By Anna Merlan
By Lee Escobedo
By Alice Laussade
By Scott Reitz
By Claire Lawton
By Kiernan Maletsky
By Anna Merlan
Interview with the Vampire, the long-awaited screen adaptation of Anne Rice's undead epic, would seem to have all the trappings of a genre classic. And to be fair, it does have its moments--especially when Tom Cruise is onscreen as the dreaded French ur-vampire Lestat, snacking on human morsels and tossing his corn-colored locks around like a pansexual muppet.
Lestat, like all vampires, is a bad boy frozen in time; because the role is emotionally static and one-note, it can't hold our attention unless it's played by an actor with deep reserves of mystery, elegance, and sexual power. Cruise has no such qualities. He's most effective playing ambitious and shallow young go-getters forced to grow up fast; when directors try to sell him as a smoldering beefcake cipher, the way Tony Scott did in Top Gun and Days of Thunder, Cruise comes off like a male model with a head cold and an attitude problem. (Which is why casting Antonio Banderas as a rival vampire was probably a mistake: one look at this Spanish demigod, with his dark eyes and lithe frame and overpoweringly sensual screen presence, and you mourn the film that might have been.)
But Cruise cannily avoids his limitations. He's not Anne Rice's Lestat, but in the early sequences set in 1830s New Orleans--where Lestat converts, through an elaborate neck bite-wrist transfusion ritual, a squeamish younger vampire named Louis (Brad Pitt), then mentors him in the fine art of bloodsucking--he's a hammy hoot. Stalking imperiously through bedrooms and cobblestone storefronts and across moonlit waterfront docks and snickering smugly at his own evil deeds, Cruise is so narcissistic and crude and bitchy that he seems to be daring us to like him. He's miscast, but he makes the part his own.
Like the book, the film is told in flashback through Louis' eyes as he relates his centuries-long odyssey to an enraptured young reporter (Christian Slater). The novel reads like a cartoonish, long-form reworking of an Edgar Allan Poe story, in which uncanny events seem credible because the person telling them is so breathlessly persuasive. Rice writes the same way--with kinetic, sometimes hysterical energy, pouring on the sex and violence and passion. Words like "suddenly" and "inexplicable" and "indescribable" pop up with alarming frequency; you can almost see her sitting in a moonlit upstairs room of her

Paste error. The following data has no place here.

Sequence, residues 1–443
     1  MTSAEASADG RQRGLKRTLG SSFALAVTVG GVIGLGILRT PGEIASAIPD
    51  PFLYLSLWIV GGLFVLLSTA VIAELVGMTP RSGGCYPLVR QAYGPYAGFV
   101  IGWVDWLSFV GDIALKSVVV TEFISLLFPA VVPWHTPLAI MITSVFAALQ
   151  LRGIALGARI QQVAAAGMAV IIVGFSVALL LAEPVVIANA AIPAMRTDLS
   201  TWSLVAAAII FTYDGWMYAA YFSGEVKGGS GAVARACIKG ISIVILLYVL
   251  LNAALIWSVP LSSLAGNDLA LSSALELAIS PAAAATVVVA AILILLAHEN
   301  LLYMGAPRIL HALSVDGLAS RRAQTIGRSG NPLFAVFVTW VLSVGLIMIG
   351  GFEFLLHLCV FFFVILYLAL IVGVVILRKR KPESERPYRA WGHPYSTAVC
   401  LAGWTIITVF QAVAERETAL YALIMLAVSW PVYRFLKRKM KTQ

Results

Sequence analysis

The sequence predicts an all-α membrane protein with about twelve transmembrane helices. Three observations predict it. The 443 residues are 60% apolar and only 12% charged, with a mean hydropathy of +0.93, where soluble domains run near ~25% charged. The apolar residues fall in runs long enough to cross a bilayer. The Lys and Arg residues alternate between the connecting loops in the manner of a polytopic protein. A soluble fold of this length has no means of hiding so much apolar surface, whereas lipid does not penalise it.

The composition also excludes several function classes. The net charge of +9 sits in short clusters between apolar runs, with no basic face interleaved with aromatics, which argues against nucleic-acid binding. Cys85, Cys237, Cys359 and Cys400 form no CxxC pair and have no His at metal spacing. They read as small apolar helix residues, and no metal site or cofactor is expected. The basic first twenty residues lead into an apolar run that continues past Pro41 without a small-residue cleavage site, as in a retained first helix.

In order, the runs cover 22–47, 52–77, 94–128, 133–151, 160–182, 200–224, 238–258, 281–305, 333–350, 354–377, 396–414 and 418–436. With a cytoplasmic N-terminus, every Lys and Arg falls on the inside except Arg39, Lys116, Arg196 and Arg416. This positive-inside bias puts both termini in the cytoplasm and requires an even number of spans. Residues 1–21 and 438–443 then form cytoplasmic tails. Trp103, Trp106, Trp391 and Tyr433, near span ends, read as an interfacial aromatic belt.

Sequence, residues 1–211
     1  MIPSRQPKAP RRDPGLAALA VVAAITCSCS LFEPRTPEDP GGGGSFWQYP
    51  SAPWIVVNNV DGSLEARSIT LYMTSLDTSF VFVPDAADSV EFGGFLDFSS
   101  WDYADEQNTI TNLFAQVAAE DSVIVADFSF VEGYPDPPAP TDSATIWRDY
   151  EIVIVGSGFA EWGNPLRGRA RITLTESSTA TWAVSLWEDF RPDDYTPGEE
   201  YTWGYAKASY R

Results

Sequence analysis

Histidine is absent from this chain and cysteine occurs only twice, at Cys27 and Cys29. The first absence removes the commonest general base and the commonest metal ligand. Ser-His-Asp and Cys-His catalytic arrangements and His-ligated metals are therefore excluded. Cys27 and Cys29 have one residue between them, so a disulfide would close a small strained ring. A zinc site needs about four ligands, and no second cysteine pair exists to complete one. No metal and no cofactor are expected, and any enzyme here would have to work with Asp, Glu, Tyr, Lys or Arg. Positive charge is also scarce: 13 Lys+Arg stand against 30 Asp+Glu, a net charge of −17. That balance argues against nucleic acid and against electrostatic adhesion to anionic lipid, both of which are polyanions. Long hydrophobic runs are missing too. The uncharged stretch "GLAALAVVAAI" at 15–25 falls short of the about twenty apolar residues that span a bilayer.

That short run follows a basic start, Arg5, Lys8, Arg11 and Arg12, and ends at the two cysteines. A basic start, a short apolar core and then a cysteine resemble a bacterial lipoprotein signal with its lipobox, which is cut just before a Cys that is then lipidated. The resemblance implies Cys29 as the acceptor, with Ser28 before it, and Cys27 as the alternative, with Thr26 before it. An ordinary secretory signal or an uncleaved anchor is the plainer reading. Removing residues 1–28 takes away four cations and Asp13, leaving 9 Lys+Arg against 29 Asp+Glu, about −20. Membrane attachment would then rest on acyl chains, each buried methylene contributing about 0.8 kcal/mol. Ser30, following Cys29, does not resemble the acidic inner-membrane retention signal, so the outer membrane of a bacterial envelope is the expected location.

New Orleans home, pounding away on her keyboard and chuckling to herself.
If only the movie had Rice's vigor. Shifting from location to location (New Orleans, Paris, San Francisco) and century to century, basking in ornate sets and costumes and furnishings, disorienting the viewer with tricky dissolves and eerie shock cuts, Interview with the Vampire is so thoroughly envisioned that even the dull stretches hold your eye. A few compositions rank with the filmmaker's eeriest: a closeup of a spilled tray of crawfish overturned during a life-and-death struggle; a vampire collapsing on a Persian rug, throat slit, velvety blood welling out around him like a slowly-expanding nuclear sunburst; two terrified vampires trapped in a well as morning comes, clutching each other as the rising sun vaporizes them.
And yet, unlike Rice's books, the film wants to have things two ways--to be both thrilling and subdued, profane and respectable. Its oceans of gore suggest the gritty, sexy, over-the-top Hammer horror flicks of the 1950s and 60s, yet overall, the film's tone is moody and reflective. It's not quite clever and impassioned enough to be low art, and it's not entertaining enough to be great trash.
And Brad Pitt, bless his heart, is a large part of the problem. When directors play up his cocky, hunkish, folksy side--the way Robert Redford did in A River Runs Through It, and Ridley Scott in Thelma and Louise--he's a joy to watch. But there's nothing about him that suggests inner torment or even self-awareness, which makes him a boring Louis. As written, the character is a roguish wastrel who finds a purpose when he becomes undead, but can't really get the hang of it. Because he has a conscience and some kind of moral code, the fact that he's trapped forever in an evil existence makes him miserable. Lestat keeps egging him on, imploring him to loosen up and quit being such a stick in the mud, insulting Louis' manhood and lack of guts. They're like a couple of undead frat boys stuck at a neverending blood kegger.
Rice's script, which was substantially rewritten during production, downplays the homoeroticism of Louis and Lestat's relationship--reportedly because Cruise, who has fought rumors of homosexuality for years, demanded it. Yet the nature of the material prevents such camouflage. If the book is really "about" anything besides pure entertainment, it's the emotional consequences of living a life free of social (and physical) rules. Rice's vampires are bohemian demons who go wherever they want, kill whoever they want, have sex with whoever they want; they can do anything they please with their bodies because they're already dead.
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